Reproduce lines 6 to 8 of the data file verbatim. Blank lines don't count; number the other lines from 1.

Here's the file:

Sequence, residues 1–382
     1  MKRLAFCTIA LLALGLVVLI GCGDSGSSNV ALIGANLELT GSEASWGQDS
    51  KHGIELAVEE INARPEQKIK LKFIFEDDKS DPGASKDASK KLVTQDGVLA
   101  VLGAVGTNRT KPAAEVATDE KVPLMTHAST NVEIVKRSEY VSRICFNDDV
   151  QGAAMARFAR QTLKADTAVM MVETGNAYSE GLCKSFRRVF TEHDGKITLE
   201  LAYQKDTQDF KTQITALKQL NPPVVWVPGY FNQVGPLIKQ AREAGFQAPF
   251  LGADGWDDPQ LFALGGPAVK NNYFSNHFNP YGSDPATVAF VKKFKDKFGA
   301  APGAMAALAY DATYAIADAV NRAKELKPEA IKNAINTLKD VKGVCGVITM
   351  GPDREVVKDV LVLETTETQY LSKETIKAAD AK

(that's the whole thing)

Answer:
   201  LAYQKDTQDF KTQITALKQL NPPVVWVPGY FNQVGPLIKQ AREAGFQAPF
   251  LGADGWDDPQ LFALGGPAVK NNYFSNHFNP YGSDPATVAF VKKFKDKFGA
   301  APGAMAALAY DATYAIADAV NRAKELKPEA IKNAINTLKD VKGVCGVITM